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|Title: ||Towards increasing financial resources for effective health delivery - a case study of Ejisu-Juaben District of Ghana|
|Authors: ||Tawiah, Thomas Kofi|
|Issue Date: ||31-Jan-2000|
|Series/Report no.: ||2719;|
|Abstract: ||A region’s greatest asset is its human resource and that the level of health of such an invaluable resource base is very crucial for development. It is for this reason that the quest for improving the health status of the people has attracted the attention of governments worldwide. Unfortunately with the increasing decline in the global economy, developing countries in general have been hardest hit to the extent that the need to provide enough health facilities cannot be entirely met by governments alone.
District health institutions in Ghana under the decentralisation policy; have been given full financial autonomy in the delivery of health care. They have been assigned various revenue sources to exploit if they are to implement effectively the health programmes and projects in a more self-reliant manner. However, the revenue inflows from these sources to district health institutions lag far behind expected. This is basically due to inadequacy of revenue from the existing source and financial mismanagement of the limited resources.
Ejisu-Juaben District is no exception as far as poor revenue mobilisation and inadequate financial inflows from the centre are concerned. Using the district as a case study, the financial inflows to health institutions and management of these financial resources are examined to unravel the various bottlenecks accounting for this phenomenon; so that strategies for improvement can be designed.
In this connection the study analysed available financial data of health institutions in the district to ascertain the past financial inflows of the various sources to the district in both nominal and real terms and the existing financial management procedures. The analysis was supplemented with formal interviews with key members of District Health Management Team (DHMT), Hospital Management Team (HMT) and health personnel at the sub-district level. The major fiscal issues examined include the financial sources available, analysis of these sources in terms of their size, contribution of each source over a period of time for health provision, determination of the gap in financial resources and the existing internal control procedures relating to management of financial resources in the district.
The study revealed among others that, financial allocations over the years considered have increased in nominal terms. However, in real terms they have fallen drastically. The factors responsible for this scenario include the inadequate revenue from the existing sources and the low revenue base, lack of comprehensive monitoring system for revenue collection and reporting. Low rates charged by health institutions for services rendered, lack of scientific criteria for revenue budgeting and the imposition of financial ceilings also account for inadequate health revenue to the district. There is also inadequate revenue collection staff, high default rate in the payment of user fees and irregularity and delay in the release of central government and donor funds. Practical strategies designed to address the problems identified include;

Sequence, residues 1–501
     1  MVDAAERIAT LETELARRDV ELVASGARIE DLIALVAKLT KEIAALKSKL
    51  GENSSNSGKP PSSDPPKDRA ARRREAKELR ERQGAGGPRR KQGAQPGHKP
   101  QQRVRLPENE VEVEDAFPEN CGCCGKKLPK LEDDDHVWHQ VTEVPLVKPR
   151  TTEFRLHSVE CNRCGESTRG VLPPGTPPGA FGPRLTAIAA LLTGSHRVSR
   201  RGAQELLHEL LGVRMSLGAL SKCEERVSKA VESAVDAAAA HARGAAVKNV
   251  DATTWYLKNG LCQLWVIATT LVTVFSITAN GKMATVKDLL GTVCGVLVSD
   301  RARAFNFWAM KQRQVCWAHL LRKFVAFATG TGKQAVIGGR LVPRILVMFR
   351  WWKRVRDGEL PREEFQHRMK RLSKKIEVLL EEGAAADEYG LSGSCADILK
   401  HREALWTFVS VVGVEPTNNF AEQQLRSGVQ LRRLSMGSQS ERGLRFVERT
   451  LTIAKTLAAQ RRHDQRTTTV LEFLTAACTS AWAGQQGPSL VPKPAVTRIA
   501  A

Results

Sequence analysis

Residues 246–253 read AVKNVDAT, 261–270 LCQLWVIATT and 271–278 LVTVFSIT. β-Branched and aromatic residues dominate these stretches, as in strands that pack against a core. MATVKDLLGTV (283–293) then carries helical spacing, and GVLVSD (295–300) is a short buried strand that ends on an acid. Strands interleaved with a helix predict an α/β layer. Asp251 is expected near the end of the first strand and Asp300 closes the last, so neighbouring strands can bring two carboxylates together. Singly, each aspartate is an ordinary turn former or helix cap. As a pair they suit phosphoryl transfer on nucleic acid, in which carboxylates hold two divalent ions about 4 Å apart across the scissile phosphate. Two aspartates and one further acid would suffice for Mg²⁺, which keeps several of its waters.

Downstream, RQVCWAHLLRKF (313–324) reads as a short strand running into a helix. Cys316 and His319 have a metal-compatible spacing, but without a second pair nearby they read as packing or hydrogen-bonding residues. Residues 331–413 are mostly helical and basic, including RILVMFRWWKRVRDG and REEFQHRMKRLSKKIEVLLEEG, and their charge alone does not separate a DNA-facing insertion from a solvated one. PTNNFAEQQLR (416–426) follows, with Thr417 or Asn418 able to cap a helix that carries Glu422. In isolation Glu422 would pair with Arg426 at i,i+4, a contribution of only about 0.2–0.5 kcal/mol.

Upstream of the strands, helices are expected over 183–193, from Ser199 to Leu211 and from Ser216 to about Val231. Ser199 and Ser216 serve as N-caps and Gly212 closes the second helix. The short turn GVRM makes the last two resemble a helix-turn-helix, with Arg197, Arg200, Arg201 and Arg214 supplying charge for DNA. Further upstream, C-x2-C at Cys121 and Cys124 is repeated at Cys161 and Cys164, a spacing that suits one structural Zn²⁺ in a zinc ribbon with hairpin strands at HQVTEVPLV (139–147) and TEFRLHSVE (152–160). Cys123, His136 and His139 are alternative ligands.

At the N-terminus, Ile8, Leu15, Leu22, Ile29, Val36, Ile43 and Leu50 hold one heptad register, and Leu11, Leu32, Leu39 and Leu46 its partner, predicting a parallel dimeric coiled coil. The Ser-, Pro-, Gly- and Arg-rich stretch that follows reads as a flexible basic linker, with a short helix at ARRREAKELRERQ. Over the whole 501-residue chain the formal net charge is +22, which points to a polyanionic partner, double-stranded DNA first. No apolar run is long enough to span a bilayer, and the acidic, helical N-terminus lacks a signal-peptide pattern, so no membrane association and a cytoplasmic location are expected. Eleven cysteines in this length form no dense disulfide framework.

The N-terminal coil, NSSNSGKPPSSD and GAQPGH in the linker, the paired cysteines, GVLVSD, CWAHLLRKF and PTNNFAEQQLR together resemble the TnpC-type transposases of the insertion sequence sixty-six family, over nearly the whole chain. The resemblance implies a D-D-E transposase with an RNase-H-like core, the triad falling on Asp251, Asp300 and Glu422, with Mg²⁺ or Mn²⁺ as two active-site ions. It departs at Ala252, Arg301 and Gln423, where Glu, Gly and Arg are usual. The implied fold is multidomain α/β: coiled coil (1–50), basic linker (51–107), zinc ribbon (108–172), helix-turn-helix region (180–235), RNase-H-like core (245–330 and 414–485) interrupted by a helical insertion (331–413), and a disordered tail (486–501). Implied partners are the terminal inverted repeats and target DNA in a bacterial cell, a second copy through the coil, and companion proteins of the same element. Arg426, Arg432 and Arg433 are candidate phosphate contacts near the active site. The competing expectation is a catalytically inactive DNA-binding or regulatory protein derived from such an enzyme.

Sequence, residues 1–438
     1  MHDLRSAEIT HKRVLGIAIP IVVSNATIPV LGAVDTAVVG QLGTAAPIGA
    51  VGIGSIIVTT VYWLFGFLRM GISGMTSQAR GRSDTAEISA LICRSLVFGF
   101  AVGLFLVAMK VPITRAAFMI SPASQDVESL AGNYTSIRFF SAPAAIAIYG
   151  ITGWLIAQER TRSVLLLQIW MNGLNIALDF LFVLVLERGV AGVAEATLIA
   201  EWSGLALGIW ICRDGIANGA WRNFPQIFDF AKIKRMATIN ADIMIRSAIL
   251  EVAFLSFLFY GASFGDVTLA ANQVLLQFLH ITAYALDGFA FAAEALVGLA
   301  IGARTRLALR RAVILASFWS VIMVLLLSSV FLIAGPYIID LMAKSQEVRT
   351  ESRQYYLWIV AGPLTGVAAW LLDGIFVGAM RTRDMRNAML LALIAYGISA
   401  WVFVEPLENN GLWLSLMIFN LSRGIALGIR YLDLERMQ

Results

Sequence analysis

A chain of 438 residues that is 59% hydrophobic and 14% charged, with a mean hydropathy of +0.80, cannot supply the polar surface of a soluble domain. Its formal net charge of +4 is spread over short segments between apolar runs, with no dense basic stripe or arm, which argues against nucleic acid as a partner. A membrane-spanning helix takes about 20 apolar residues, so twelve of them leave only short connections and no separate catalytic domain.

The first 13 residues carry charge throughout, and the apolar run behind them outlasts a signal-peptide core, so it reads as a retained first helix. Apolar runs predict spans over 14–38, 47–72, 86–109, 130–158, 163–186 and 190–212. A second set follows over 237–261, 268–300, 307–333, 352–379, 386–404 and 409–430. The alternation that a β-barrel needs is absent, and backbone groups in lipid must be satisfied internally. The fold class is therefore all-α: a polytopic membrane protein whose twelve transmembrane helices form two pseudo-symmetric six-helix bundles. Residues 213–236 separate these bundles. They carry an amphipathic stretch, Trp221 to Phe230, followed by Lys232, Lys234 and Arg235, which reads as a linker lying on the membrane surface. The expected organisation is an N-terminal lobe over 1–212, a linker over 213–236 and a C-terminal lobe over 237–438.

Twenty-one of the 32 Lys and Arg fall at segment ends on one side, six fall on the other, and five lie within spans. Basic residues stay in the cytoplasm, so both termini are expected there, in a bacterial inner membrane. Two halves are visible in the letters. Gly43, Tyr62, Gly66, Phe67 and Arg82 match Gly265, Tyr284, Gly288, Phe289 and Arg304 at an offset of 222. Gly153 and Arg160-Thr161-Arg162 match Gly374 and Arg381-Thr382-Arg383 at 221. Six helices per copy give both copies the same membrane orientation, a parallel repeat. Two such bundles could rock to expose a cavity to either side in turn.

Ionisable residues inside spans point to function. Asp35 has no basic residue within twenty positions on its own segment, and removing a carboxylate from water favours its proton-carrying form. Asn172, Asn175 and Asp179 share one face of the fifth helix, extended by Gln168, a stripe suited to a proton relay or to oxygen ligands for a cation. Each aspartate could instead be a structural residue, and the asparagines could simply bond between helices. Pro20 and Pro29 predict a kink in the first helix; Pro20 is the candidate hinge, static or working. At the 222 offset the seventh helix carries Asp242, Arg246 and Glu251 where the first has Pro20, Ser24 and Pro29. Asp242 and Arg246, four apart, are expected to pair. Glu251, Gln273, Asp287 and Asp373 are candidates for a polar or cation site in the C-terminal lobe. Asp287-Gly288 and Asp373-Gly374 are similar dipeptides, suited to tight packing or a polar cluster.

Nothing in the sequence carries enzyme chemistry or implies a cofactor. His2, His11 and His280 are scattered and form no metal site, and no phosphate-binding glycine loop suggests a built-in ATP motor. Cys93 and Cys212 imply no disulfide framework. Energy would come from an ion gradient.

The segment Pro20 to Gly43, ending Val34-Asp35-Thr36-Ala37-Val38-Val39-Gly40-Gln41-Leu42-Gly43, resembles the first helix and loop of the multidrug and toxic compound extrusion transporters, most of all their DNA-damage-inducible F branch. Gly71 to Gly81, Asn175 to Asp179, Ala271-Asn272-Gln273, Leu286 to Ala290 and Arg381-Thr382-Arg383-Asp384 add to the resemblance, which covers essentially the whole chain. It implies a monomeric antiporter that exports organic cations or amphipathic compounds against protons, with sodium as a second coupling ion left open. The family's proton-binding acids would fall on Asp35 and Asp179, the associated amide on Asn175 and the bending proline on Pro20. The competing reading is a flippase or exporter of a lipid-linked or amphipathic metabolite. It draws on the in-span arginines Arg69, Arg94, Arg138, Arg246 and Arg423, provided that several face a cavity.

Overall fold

1. Introduction of Community Financing Scheme
2. Implementation of Compulsory Health Insurance Scheme
3. The establishment of National Health Fund
4. Upward review of existing low user fees
5. Comprehensive monitoring of revenue operation
6. Recruitment of revenue collectors
7. Improvements in expenditure control
8. The need for output oriented plans and budgets
9. Ensuring greater financial accountability in health institutions
10. Institutionalising donations as a potent source of health revenue
In sum, it is expected that the implementation of the recommendations made would help improve tremendously the financial in flows to the district thereby increasing the effectiveness of health institutions to implement health programmes and projects necessary for socio-economic development.|
|Description: ||A Thesis submitted to the Board of Postgraduate Studies, Kwame Nkrumah University of Science and Technology, Kumasi, in partial fulfilment of the requirements for the degree of Master of Science in Development Planning and Management, 2000|
|Appears in Collections:||College of Architecture and Planning|
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